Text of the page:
MINNEAPOLIS (AP) — Five people were charged on Wednesday with trying to bribe a juror in one of the country’s largest COVID-19-related fraud cases with a bag of $120,000 in cash, the U.S. Attorney's Office and the FBI announced Wednesday.

Abdiaziz Shafii Farah, Abdimajid Mohamed Nur, Said Shafii Farah, Abdulkarim Shafii Farah and Ladan Mohamed Ali were each charged with one count of conspiracy to bribe a juror, one count of bribery of a juror and one count of corruptly influencing a juror.

Abdiaziz Shafii Farah was also charged with one count of obstruction of justice.

At least three were expected to make their first appearances in court later in the day.

The bribe attempt, which U.S. Attorney Andrew Luger on Wednesday called a “chilling attack on our justice system,” brought renewed attention to the trial of seven Minnesota defendants accused of coordinating to steal more than $40 million from a federal program that was supposed to feed children during the coronavirus pandemic. Five of the defendants were convicted earlier this month, but the bribe scheme disrupted the trial and sent federal authorities racing to uncover who was responsible.

According to an FBI agent's affidavit, a woman rang the doorbell at the home of “Juror #52” in the Minneapolis suburb of Spring Lake Park the night before the case went to the jury. A relative answered the door and was handed a gift bag with a curly ribbon and images of flowers and butterflies. The woman said it was a “present” for the juror.

“The woman told the relative to tell Juror #52 to say not guilty tomorrow and there would be more of that present tomorrow,” the agent wrote. “After the woman left, the relative looked in the gift bag and saw it contained a substantial amount of cash.”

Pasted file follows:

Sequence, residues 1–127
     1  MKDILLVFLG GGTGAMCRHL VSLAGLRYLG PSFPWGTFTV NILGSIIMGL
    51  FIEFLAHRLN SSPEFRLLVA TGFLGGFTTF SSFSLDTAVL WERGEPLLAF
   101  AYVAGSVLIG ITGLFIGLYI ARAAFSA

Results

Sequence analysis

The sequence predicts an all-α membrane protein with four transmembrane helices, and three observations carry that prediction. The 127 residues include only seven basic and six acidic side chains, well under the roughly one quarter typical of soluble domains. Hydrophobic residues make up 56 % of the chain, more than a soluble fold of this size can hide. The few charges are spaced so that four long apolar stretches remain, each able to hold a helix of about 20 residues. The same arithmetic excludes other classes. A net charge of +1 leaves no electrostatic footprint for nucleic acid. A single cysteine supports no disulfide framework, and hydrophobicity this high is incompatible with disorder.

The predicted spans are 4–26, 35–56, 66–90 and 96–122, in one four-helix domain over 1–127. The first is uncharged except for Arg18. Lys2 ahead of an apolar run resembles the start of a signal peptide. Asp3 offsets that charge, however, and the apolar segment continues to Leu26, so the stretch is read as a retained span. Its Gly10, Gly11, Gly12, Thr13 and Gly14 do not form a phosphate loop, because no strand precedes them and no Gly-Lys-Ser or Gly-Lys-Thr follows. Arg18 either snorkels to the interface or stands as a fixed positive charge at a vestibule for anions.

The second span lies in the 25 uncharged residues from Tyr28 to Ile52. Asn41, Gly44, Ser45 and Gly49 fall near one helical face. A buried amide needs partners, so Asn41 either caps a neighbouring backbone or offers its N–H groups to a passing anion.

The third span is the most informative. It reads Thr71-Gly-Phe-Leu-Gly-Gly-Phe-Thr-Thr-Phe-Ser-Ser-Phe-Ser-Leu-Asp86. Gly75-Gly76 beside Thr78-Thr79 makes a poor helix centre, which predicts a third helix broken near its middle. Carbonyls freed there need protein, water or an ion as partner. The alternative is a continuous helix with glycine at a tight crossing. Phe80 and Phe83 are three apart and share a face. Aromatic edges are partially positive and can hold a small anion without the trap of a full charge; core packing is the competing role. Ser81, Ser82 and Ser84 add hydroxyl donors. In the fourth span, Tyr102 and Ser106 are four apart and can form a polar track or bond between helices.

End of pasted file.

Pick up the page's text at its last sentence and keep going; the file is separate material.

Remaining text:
The juror called police right after she got home and gave them the bag, which held stacks of $100, $50 and $20 bills totaling around $120,000.

The woman who left the bag knew the juror’s first name, the agent said. Names of the jurors have not been made public, but the list of people with access to it included prosecutors, defense lawyers — and the seven defendants.

After the juror reported the bribe attempt, the judge ordered all seven defendants to surrender their cellphones so that investigators could look for evidence. A second juror who was told about the bribe also was dismissed. The FBI investigated the attempted bribe for weeks, raiding the homes of several of the defendants’ homes. A federal judge also ordered all seven taken into custody and sequestered the jury.

Abdiaziz Shafii Farah and Abdimajid Mohamed Nur were convicted in the trial earlier this month while Said Shafii Farah was acquitted. Abdulkarim Shafii Farah and Ladan Mohamed Ali were not involved in the trial.

Seventy people have been charged in federal court for their alleged roles in the pandemic fraud scheme that prosecutors say centered on a nonprofit called Feeding Our Future. In addition to the five convictions in early June, eighteen other defendants have already pleaded guilty. Trials are still pending for the others.

Federal prosecutors say the conspiracy exploited rules that were kept lax so the economy wouldn’t crash during the pandemic. The FBI began digging into it in the spring of 2021. The defendants allegedly produced invoices for meals never served, ran shell companies, laundered money, indulged in passport fraud and accepted kickbacks. More than $250 million in federal funds were taken overall in the Minnesota scheme and only about $50 million of it has been recovered, authorities say.

The money came from the U.S. Department of Agriculture and was administered by the state, which funneled the funds through partners including Feeding Our Future. The Minnesota Legislature's watchdog arm found that the state education department provided inadequate oversight of the federal program, which opened the door to the theft.

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